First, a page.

by Beth Shepard    Beth's profile on LinkedIn  

For Better or Worse: Spouses Make or Break Well-Being

Does having a healthy partner increase your odds of being healthy, too? What if your spouse is sedentary, has high blood pressure, and anxiety... does that put you at risk? 


The dynamics of health within couples — and how to use it to boost well-being — was addressed in a breakout session at HERO Forum16 in Atlanta by Ashlin Jones, MA, Sr. Informatics Analyst with Healthways, and Andrew Rundle, DrPH, Associate Professor of Epidemiology, Columbia’s Mailman School of Public Health


Risk and Relationships

According to Jones, couples co-create health through shared environmental factors, lifestyles, social contagion (spreading of information, ideas, behaviors), and other factors. For example, when one has a history of diabetes, the other has a 26% increased risk of developing this condition (1). 


A Healthways study of married couples — with 1 partner participating in a year-long disease management program — found spouse well-being is a major predictor of well-being change among participants: 


  • For all risk categories, participants were more likely to develop the risk if their spouse had the risk factor.
  • When health risks were shared, participants were more likely to remove the risk if the spouse did, too — except for obesity. 
  • When a spouse reported high well-being, the participant had a greater improvement in well-being compared to participants whose spouses reported low well-being.

This isn’t a huge surprise; most married couples already know they influence each other in numerous ways, intentionally and unintentionally. But the findings are especially compelling in the context of workplace wellness — underscoring the vital importance of tapping into the power of family relationships when designing well- being programs and communications.


Heart to Heart

Dr. Rundle shared fascinating observations about spouse influence on cardiovascular health risk factors:


  • Certain measures (systolic and diastolic blood pressure, BMI) tend to converge to the mean over time, even after adjusting for changes in weight. So if a husband’s blood pressure starts out within normal limits and his wife’s readings are high, his will tend to go up and hers will tend to go down.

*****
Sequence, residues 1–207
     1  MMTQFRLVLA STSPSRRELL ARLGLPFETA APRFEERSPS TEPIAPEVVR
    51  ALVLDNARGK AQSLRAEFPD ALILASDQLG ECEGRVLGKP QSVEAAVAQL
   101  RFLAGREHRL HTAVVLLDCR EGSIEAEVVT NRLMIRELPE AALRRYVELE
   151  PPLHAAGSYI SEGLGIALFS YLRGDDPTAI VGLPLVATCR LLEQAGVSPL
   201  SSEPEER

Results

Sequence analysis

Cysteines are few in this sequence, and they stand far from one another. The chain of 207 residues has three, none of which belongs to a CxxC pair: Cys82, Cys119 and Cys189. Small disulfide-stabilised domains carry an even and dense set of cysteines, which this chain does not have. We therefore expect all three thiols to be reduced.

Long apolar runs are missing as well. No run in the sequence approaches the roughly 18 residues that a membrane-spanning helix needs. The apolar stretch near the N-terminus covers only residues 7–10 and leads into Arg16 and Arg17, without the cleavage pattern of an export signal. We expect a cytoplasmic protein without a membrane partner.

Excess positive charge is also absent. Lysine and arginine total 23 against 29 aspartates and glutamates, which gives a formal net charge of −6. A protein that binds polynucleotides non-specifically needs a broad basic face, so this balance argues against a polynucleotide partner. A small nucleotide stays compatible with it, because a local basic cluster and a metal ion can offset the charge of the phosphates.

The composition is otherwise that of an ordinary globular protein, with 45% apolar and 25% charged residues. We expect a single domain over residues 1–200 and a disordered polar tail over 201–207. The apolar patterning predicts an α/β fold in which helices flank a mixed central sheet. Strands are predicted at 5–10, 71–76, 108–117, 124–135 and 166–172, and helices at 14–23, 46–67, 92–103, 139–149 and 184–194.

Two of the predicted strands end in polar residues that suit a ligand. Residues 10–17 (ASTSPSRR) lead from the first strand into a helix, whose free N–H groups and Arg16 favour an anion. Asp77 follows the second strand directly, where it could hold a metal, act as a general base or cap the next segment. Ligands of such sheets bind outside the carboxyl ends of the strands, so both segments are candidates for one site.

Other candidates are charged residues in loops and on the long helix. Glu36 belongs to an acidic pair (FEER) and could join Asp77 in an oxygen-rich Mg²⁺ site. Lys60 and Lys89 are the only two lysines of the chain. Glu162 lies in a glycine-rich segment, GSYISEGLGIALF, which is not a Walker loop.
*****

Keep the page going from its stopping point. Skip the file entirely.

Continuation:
• When a partner’s body weight, blood pressure, HDL or LDL cholesterol improve, the other partner’s numbers also improve significantly.
  • This influence isn’t seen when partners’ ages are more than 2 years apart.

Another study by Rundle and colleagues found that higher levels of depression and anxiety predicted shorter sleep duration in the other spouse in 1 year (2). 


What to do:

In light of these and similar findings, Jones and Rundle each point to the value of targeting partners as behavior-change units — encouraging shared goal setting and tailoring interventions to the needs of the couple vs. individuals, for example. 


This could play out in a number of ways for your well-being program: 


  • Gather contact information. At every opportunity (events, registrations, mailed communications), invite spouses to submit preferred contact information for announcements about programs and services. 
  • Go the extra mile. Employees don’t always share program information with their families. Create a communication strategy specifically targeting family members... even if they’re not covered by your medical plans. Use social media, regular mail, email, text, and even robo-calls to spread the word. 
  • Invite family to events: flu shots, health screenings, lunch-and-learns, weekend 5K races, and company picnics. Use these opportunities to connect with the people who have the most influence over employee health. 
  • Meet them where they are. It’s not always practical or convenient for partners to come onsite; work with your EAP provider to offer on-demand webinars on parenting issues, eldercare, personal finance, and more. 
  • Ask for couples-oriented services. Your health management vendors work for you, so let them know what you want. Meet with representatives to discuss the value of working with couples together to address risk factors, brainstorm strategies, and create service enhancements. 
  • Buddy-up for wellness. Roll out campaigns that reinforce the power of social influence on health, and encourage couples to register together to work toward common goals. Provide tips on how to be an effective wellness partner, highlighting specific support strategies. And before launching online programs, test and retest to ensure flawless execution so they can both participate without a hassle. 

Capitalize on the most influential people in the lives of workers with services and programs targeting the needs of couples, and you’ll set the stage for a longer, stronger, healthier ever after. 




References 


1. Leong A, Rahme E, Dasgupta K, Spousal diabetes as a diabetes risk factor: A systematic review and meta-analysis, BMC Medicine 2014 12:12 DOI: 10.1186/1741-7015-12-12


2. Revenson T, Mari’n-Chollom A, Rundle A, Wisnivesky J, Neugut A, Hey Mr. Sandman: dyadic effects of anxiety, depressive symptoms and sleep among married couples, Journal of Behavioral Medicine 39(2) November 2015 DOI: 10.1007/s10865-015-9693-7

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